Daniel Horowitz is the Mary Huggins Gamble Professor Emeritus of American Studies at Smith College, where he has taught since 1989. A historian whose work focused on the history of consumer culture and social criticism in the U.S. during the twentieth century, he is the author of several books including Betty Friedan and the Making of The Feminine Mystique: The American Left, The Cold War, Modern Feminism (1998); The Anxieties of Affluence: Critiques of American Consumer Culture, 1939-1979 (2004), winner of the Eugene M. Kayden Prize; and Consuming Pleasures: Intellectuals and Popular Culture in the Postwar World (2012). He is the editor of Suburban Life in the 1950s: Selections from Vance Packard’s The Status Seekers (1995) and Jimmy Carter and the Energy Crisis of the 1970: The “Crisis of Confidence” Speech of July 15, 1979 (2004).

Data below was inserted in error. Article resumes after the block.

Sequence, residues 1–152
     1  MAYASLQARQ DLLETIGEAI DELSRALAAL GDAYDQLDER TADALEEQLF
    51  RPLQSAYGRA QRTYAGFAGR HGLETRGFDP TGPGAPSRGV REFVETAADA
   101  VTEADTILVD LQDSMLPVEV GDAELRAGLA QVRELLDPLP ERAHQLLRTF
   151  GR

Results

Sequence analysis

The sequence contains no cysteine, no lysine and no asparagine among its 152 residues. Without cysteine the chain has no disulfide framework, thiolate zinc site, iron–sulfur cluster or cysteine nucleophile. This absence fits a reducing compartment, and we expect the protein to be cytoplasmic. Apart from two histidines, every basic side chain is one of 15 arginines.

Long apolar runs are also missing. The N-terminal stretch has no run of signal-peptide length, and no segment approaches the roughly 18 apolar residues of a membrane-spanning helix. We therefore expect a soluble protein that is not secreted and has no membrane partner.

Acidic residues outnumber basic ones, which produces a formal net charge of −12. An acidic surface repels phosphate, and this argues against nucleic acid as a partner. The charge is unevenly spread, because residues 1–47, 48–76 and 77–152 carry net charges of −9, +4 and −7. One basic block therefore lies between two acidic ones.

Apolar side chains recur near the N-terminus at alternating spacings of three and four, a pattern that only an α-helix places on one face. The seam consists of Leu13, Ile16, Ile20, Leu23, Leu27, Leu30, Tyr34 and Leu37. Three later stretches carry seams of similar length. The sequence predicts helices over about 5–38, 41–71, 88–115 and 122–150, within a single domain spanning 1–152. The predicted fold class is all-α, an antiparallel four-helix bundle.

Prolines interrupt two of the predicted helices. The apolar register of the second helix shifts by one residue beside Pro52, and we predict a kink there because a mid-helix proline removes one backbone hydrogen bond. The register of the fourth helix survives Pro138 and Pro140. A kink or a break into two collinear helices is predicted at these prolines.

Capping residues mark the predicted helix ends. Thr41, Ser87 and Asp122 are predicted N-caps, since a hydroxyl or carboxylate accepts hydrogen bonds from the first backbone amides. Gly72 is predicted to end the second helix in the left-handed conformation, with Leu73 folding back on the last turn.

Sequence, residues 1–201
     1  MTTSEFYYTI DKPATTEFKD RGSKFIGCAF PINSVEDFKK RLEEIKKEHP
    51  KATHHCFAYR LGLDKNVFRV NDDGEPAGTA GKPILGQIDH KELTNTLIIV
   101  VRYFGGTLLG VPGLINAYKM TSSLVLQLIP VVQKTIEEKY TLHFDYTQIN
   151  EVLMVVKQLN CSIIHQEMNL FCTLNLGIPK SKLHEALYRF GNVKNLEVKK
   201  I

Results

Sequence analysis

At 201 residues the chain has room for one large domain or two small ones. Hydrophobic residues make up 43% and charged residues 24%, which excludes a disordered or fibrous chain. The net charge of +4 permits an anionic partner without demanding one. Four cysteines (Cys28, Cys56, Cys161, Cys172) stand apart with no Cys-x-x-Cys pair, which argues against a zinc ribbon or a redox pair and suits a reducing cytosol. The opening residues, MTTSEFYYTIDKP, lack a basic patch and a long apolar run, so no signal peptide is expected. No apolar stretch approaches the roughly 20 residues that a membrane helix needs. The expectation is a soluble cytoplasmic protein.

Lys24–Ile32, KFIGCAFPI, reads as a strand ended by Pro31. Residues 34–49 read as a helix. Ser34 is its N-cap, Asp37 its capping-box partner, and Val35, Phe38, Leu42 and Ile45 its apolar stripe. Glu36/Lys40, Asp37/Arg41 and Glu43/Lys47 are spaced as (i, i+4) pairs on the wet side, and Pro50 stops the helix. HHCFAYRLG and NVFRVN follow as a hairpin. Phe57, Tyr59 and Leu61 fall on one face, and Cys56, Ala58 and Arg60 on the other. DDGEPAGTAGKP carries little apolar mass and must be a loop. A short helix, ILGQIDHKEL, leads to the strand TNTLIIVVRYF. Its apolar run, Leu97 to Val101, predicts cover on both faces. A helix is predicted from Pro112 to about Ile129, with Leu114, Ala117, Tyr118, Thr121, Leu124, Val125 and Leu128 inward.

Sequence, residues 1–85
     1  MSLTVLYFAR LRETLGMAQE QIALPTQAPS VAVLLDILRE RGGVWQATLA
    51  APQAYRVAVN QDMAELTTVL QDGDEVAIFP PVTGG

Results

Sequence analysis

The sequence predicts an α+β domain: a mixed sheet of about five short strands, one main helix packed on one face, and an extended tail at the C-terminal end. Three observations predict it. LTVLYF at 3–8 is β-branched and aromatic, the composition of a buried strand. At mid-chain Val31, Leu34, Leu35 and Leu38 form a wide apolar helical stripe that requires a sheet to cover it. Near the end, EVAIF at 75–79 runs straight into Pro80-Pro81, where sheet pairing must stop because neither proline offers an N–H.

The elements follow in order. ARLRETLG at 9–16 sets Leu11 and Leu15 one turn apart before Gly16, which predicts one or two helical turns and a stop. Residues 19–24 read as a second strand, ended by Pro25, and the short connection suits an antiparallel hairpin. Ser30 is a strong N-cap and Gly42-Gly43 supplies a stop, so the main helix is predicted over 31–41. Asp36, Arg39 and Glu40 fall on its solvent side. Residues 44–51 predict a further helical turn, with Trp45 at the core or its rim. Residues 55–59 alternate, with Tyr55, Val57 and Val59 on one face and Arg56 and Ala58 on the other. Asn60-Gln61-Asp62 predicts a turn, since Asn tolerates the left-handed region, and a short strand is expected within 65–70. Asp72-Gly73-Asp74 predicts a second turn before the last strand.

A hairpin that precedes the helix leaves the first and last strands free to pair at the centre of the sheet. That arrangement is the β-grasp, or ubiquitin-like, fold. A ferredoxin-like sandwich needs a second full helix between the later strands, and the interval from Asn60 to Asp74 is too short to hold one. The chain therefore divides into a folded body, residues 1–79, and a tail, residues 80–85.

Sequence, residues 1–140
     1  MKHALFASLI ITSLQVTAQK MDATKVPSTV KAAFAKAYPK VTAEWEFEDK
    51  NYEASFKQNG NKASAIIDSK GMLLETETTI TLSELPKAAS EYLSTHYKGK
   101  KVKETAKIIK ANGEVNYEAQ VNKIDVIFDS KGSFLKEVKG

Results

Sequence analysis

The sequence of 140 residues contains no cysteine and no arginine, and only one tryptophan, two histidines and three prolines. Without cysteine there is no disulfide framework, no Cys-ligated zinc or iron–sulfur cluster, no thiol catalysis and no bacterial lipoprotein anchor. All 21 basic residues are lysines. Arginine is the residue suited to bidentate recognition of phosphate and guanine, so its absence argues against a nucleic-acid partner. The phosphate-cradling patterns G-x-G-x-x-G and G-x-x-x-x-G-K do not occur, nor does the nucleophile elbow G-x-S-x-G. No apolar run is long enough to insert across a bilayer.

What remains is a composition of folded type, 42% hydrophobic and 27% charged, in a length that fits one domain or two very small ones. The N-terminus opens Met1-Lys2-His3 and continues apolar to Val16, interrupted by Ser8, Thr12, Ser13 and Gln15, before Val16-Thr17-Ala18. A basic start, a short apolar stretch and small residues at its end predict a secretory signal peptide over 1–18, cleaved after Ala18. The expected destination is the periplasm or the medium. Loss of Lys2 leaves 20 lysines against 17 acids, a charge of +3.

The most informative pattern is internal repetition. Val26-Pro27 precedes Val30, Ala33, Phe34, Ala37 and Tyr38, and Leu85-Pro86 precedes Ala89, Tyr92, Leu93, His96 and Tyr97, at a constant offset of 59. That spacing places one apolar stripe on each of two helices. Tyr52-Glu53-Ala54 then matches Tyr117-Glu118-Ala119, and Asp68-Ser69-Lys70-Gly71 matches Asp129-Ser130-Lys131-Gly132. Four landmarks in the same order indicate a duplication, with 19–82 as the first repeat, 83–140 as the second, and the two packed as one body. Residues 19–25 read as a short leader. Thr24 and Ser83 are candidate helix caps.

- What the Life of Betty Friedan Reveals about the History of American Feminism and American Women
- How American and European Writers in the 1950s and 1960s Came to See Consumer Culture as a Source of Pleasure Rather Than of Danger
- Rethinking the History of the United States in the Post–World War II World: Why the 1970s Was a Crucial Decade
- What It Means to Think of the United States as a Consumer Society